"You cannot qualify war in harsher terms than I will. War is cruelty, and you cannot refine it; and those who brought war into our country deserve all the curses and maledictions a people can pour out." - William Tecumseh Sherman

Name: The General
Location: Sacramento, California, United States


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-> Cox and Forkum - Civil Obedience

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-> The Greatest Threat to Representative Government?

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-> Filibusters and Defections

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11/21/2004 - 11/28/2004

11/28/2004 - 12/05/2004

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12/26/2004 - 01/02/2005

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03/06/2005 - 03/13/2005

03/13/2005 - 03/20/2005

03/20/2005 - 03/27/2005

03/27/2005 - 04/03/2005

04/03/2005 - 04/10/2005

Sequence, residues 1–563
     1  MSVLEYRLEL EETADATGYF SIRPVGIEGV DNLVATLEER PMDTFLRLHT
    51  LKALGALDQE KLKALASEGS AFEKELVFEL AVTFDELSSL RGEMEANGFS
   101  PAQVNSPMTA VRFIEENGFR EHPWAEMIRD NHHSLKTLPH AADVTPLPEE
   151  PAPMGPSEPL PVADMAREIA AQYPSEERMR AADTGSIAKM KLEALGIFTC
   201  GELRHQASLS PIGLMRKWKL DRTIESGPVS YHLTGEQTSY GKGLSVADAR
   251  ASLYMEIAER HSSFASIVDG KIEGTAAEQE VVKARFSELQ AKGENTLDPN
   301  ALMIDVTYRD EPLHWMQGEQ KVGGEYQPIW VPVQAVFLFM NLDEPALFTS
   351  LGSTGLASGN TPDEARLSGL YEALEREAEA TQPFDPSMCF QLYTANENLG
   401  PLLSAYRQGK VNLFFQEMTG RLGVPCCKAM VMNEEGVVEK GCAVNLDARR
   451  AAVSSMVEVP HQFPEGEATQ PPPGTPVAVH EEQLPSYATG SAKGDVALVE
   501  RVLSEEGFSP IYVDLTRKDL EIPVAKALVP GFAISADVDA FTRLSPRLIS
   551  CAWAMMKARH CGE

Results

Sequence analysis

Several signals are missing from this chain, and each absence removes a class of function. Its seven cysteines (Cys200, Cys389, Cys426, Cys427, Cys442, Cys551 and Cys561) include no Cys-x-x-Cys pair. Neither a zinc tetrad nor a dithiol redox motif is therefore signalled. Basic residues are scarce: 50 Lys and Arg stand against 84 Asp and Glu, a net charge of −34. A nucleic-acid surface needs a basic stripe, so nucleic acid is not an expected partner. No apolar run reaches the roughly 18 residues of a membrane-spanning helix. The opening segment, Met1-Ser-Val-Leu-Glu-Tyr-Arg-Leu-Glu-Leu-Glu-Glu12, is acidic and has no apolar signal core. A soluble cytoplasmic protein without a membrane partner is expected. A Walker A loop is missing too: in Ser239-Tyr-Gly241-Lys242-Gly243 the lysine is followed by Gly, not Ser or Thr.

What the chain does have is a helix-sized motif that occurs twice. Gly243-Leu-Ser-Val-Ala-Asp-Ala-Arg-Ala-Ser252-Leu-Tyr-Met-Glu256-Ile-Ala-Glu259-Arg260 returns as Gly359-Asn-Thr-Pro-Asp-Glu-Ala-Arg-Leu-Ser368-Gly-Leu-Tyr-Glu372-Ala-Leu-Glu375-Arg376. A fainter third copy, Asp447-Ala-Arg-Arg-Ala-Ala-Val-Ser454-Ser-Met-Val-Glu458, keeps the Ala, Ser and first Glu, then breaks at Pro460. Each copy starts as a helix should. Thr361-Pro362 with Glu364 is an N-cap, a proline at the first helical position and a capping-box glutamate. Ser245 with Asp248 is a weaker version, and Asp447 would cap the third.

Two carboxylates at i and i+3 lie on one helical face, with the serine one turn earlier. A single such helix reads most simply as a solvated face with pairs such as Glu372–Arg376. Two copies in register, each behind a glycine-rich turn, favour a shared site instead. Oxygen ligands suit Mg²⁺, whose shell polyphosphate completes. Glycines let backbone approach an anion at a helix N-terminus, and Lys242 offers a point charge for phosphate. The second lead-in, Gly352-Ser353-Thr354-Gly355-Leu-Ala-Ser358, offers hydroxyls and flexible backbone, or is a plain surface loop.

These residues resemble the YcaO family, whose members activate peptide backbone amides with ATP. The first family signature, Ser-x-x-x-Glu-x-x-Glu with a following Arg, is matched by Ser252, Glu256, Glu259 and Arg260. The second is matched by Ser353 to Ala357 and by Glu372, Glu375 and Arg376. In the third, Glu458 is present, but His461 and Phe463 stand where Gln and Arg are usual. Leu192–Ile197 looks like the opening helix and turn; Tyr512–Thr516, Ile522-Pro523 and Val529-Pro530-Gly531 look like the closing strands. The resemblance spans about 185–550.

04/10/2005 - 04/17/2005

04/17/2005 - 04/24/2005

07/03/2005 - 07/10/2005

Saturday, October 02, 2004
  Jay Nordlinger's Take on the Debate
Jay Nordlinger from National Review Online wrote a wonderful piece full of examples emphasizing Bush's utter failure to capitalize on the debate. There's lots of juicy details here, and it is truly shameful that we have a president who is such an ignoramus. While I'm not fond of either candidate, Nordlinger truly loves Bush, and so I applaud his honesty and courage to call Bush's performance a dismal failure. So many on the right (especially Sean Hannity, Karen Hughes and Rush Limbaugh) are trying to spin this debate any way they can to make Bush come out on top. Nordlinger puts them to shame - as my mother used to tell me, tell the truth and shame the devil. If Kerry gets elected President in November, I will laugh for hours. Bush could have ended him last night, if he had had the intelligence, the knowledge or the ability to form a complete thought (let alone a complete sentence). Here's a great little soundbyte from the article: